Think about the greatest defensive players in NBA history. Who comes to mind?
Bill Russell? Hakeem Olajuwon? Dikembe Mutombo?
People usually rattle off the names of a few big men before they get to any perimeter defenders. Michael Jordan, Michael Cooper, Maurice Cheeks and LeBron James might come to mind. For the most part, much of the credit for elite defense goes to the man in the middle.
And Marcus Smart isn’t too crazy about that.
“I’m not taking anything from the bigs,” the Celtics guard told ESPN. “A vital part of the game is protecting the paint. But, as guards, we do a lot more before (our man) gets to the paint.”
It’s an intriguing debate Tim Bontemps explored in his piece on ESPN.com, in which he sought out some of the league’s best defenders to weigh in on whether big men or guards are more pivotal to a team’s defensive success.
One of those players, naturally, was Smart, the current betting favorite to win NBA Defensive Player of the Year. Yet despite what bookmakers think, Smart seems to feel his backcourt brethren get short shrift in the awards conversation.
Mr. Not-Taking-Anything-From-The-Bigs then proceeded to take something away from arguably the league’s preeminent defensive big man, Utah Jazz center Rudy Gobert.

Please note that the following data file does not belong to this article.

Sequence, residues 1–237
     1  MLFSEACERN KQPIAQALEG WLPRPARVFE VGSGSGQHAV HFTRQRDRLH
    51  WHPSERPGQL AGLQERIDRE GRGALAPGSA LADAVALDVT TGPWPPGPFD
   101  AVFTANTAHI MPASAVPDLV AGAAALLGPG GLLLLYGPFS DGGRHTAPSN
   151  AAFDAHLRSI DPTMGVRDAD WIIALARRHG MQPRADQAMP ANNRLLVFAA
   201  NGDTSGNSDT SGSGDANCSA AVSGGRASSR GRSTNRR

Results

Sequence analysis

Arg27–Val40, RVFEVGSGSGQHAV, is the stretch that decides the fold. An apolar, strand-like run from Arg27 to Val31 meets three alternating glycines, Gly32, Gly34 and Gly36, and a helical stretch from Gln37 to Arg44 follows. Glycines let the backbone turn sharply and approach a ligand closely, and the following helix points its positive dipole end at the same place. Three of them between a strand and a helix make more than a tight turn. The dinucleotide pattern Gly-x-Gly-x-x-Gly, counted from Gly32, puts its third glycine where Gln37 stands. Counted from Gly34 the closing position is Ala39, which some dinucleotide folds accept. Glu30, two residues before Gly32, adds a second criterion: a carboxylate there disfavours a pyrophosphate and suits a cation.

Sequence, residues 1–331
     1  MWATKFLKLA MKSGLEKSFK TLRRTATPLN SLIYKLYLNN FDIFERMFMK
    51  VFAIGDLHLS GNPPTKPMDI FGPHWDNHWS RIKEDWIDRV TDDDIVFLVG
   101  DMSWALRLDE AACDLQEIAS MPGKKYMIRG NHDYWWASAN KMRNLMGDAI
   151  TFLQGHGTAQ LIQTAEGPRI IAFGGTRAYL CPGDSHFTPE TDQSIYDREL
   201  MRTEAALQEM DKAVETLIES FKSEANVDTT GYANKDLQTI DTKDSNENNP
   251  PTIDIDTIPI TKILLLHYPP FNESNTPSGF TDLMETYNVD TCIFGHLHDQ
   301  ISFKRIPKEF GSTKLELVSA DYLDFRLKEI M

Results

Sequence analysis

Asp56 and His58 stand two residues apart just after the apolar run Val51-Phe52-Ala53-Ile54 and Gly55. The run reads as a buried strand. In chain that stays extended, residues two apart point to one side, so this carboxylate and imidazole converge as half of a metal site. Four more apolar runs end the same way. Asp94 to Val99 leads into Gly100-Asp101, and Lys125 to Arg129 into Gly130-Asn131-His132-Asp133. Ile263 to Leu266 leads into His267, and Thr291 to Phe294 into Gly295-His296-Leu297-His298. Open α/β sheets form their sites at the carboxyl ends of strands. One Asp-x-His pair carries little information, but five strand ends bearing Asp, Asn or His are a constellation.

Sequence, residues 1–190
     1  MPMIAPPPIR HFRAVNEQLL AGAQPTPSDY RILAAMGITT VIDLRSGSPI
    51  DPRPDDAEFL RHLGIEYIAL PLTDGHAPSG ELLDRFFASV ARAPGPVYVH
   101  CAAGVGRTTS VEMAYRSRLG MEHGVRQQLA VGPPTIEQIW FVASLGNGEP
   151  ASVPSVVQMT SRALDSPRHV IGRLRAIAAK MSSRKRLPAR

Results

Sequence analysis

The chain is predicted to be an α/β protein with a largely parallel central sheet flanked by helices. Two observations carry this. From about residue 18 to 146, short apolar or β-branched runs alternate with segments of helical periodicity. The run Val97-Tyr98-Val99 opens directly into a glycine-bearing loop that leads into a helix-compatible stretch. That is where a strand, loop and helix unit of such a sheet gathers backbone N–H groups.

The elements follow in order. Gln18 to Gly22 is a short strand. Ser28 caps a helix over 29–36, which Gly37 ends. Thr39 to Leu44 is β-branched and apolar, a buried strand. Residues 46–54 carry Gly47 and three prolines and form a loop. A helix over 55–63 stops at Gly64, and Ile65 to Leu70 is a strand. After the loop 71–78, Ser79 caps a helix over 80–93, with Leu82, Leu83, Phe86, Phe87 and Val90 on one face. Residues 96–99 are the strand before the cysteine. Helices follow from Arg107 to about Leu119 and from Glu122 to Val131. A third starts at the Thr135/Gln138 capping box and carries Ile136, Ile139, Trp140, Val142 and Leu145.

“Nothing against Rudy, but Rudy can’t guard all five sports,” Smart told Bontemps. “I can guard all five spots and I have been doing it. I’ve done it very well.”
Regardless of whether Smart actually defends all five positions, Philadelphia 76ers center and defensive cornerstone Joel Embiid unsurprisingly had a very different view.
“(Centers) call out all the coverages,” Embiid said, per ESPN.com. “They know what is going on. They call out the plays and stuff. That is the way it has always been. That’s why most of the defensive players of the year in the past have always been big.”
The retort to Embiid would be that just because something has been one way in the past, doesn’t mean it’s necessarily true. And the retort to Smart would be that, while Embiid or Gobert might not directly match up with players at all five positions, their presence in the middle influences every player on the court.
Whoever is right (Both? Neither?) it’s an interesting debate, made even more so by having two such vocal spokesmen on both sides to lead the argument for our enjoyment.